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International students studying in Canada are more likely to live in unsuitable housing than their Canadian counterparts, with Indian students living in unsuitable housing more than any other source country, according to Statistics Canada.

The findings from the 2021 Census of Population compare the housing conditions of international students to those of Canadian-born students across various municipalities.

In Canada’s ten municipalities with the most international students, the number of international students living in unsuitable housing ranged from 25% to 63%, which is 13% to 45% higher than Canadian-born students aged 18 to 24.

“Students from India were more likely to live in unsuitable housing compared with those from other countries. In Brampton and Surrey, the municipalities with the largest shares of Indian students, the proportions of international students in unsuitable housing were the highest,” reads the report.

Suitable housing is determined by the National Occupancy Standard, which specifies criteria such as a maximum of two people per bedroom and that non-couple household members aged 18 or over should have separate bedrooms. Other criteria are based on age, sex, and relationships among household members.

International students living in Toronto have told horror stories about waiting in line to use the bathroom or cook their food, and having to use shared amenities, with three students living in each room. The students still considered themselves lucky, for just having a house to live in among Canada’s rental supply shortage. Canada’s rental vacancy hit a record low of 1.5% in 2023.

Canada’s three largest municipalities—Toronto, Montreal, and Vancouver—had the highest numbers of international students in 2021. Approximately 31% of international students in the country were concentrated in these cities, with 44,670 in Toronto, 43,430 in Montreal, and 17,030 in Vancouver.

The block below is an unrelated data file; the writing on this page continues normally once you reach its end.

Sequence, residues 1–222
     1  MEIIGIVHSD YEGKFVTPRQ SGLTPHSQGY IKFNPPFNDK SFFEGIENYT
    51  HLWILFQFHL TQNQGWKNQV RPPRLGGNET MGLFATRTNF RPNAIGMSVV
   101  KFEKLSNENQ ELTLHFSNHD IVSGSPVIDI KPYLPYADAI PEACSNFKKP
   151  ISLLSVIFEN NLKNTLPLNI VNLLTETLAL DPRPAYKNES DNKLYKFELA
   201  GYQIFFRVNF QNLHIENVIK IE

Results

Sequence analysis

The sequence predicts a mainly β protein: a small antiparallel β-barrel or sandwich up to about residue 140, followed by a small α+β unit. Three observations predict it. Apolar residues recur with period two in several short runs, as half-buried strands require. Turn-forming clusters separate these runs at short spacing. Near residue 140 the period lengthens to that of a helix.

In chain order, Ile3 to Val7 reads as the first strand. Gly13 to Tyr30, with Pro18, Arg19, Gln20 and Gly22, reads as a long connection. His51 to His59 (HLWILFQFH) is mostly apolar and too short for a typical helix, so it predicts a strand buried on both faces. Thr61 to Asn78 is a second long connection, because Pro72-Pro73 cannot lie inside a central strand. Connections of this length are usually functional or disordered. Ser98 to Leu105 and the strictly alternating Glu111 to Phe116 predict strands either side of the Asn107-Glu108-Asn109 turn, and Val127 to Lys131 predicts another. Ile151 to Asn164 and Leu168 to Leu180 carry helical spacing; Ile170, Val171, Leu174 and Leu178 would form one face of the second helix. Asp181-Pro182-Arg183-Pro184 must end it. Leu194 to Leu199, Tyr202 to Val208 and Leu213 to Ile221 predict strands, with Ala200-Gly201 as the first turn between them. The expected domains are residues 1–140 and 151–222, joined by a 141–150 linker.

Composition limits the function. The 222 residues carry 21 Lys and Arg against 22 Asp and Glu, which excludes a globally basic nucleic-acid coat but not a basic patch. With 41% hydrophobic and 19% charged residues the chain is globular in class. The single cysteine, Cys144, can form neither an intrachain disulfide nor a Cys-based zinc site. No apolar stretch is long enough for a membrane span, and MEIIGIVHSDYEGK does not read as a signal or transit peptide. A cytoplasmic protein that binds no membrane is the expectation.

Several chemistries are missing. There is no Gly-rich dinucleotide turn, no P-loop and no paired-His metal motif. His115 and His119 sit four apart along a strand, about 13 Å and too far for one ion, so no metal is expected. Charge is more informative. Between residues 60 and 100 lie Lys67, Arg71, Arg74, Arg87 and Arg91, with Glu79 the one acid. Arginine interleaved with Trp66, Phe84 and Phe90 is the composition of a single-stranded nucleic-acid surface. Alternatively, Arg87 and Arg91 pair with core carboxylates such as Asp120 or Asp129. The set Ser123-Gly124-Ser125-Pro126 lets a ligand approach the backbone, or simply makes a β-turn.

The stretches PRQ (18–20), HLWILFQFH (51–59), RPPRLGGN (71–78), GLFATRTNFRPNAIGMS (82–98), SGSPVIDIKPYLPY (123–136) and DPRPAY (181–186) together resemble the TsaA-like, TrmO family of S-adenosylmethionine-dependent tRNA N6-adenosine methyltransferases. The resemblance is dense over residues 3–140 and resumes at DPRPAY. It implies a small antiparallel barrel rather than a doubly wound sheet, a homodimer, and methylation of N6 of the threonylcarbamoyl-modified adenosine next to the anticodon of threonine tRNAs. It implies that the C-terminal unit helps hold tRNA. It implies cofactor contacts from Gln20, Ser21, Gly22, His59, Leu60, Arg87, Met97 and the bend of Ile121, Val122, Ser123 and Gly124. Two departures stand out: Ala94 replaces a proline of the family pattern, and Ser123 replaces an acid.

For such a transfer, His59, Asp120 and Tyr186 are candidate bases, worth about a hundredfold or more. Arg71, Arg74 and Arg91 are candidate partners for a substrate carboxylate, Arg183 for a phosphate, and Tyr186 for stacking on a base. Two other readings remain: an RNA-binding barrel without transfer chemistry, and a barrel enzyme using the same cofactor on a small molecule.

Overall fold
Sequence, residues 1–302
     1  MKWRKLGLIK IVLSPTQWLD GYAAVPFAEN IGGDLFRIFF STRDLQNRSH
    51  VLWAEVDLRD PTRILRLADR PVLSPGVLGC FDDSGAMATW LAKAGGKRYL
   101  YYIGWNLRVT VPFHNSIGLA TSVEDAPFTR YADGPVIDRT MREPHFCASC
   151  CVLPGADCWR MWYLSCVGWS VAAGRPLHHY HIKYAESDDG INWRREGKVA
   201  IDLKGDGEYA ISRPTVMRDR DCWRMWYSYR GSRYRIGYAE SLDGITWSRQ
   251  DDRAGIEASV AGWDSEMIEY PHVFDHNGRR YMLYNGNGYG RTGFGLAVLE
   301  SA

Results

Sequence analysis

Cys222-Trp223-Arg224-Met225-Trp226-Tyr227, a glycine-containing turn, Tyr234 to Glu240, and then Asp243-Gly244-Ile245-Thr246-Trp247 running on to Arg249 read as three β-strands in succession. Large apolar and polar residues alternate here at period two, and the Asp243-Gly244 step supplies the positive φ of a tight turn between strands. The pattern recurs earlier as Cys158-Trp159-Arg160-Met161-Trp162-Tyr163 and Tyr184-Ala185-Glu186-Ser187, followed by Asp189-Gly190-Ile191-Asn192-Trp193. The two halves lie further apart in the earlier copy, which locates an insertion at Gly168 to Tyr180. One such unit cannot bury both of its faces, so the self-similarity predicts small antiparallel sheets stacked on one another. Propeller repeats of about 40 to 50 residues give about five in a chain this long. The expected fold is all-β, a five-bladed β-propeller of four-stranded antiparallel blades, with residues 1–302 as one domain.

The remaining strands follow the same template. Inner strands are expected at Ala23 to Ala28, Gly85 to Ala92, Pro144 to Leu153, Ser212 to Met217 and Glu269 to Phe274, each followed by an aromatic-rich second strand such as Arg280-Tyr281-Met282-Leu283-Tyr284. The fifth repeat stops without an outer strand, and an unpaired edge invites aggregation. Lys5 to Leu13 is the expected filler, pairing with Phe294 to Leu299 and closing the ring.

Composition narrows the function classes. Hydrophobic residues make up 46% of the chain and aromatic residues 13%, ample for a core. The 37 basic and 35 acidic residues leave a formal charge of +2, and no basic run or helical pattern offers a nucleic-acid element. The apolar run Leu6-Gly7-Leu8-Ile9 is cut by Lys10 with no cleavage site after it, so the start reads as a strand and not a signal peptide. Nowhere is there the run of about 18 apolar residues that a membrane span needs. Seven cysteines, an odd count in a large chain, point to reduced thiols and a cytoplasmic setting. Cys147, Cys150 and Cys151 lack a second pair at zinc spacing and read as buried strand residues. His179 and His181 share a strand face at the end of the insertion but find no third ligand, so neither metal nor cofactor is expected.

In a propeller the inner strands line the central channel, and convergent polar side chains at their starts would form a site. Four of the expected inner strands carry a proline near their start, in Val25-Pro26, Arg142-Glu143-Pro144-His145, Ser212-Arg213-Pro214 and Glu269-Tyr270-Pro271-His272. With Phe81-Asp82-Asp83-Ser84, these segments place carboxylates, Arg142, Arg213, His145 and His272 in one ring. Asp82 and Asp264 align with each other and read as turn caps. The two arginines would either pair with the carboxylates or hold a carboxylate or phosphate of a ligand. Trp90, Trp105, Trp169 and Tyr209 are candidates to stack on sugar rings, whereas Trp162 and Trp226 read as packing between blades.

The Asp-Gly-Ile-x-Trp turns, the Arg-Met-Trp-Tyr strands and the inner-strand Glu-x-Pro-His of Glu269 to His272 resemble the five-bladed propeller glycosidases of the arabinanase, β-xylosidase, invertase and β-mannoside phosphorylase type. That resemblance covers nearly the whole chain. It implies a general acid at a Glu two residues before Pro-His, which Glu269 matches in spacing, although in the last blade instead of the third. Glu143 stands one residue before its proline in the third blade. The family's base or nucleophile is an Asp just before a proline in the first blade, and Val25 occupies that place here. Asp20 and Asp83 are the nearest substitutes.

The remainder of the top ten most populated municipalities accounted for 25% of the country’s international students, while the remaining 44% were scattered across the rest of the country.

Among Canada’s top ten most populated municipalities, Brampton and Surrey had the largest share of students living in unsuitable housing, at 63% and 61%, respectively. In comparison, only 20.8% of Canadian-born students in Brampton and 16.6% in Surrey lived in unsuitable housing.

Vancouver and Calgary had the lowest rates of international students living in unsuitable housing among the top ten populated municipalities, at 29% and 25%, respectively. In Vancouver, 15.4% of Canadian-born students aged 18 to 24 lived in unsuitable housing; in Calgary, the rate was 9.1%.

India and China were the top two source countries for international students in Canada.

In Montreal, 77% of international students from India lived in unsuitable housing, followed by 66.1% in Toronto and 53.3% in Vancouver. In contrast, Chinese international students faced significantly lower rates of unsuitable housing: 19.5% in Montreal, 16.1% in Toronto, and 15.1% in Vancouver. For international students from other countries, the rates were 20.6% in Montreal, 31.3% in Toronto, and 27% in Vancouver.

While the data was collected from the 2021 Census of Population, the report suggests that the numbers could have worsened since then, as the number of international students in Canada has grown substantially. 

The Liberals imposed a two-year cap on international students, set to reduce the number by 35%, following rampant fraud dating back to 2017.

The rate of international students seeking asylum in Canada previously doubled since 2018.

Half of Ottawa’s homeless shelters are occupied by asylum seekers and immigrants.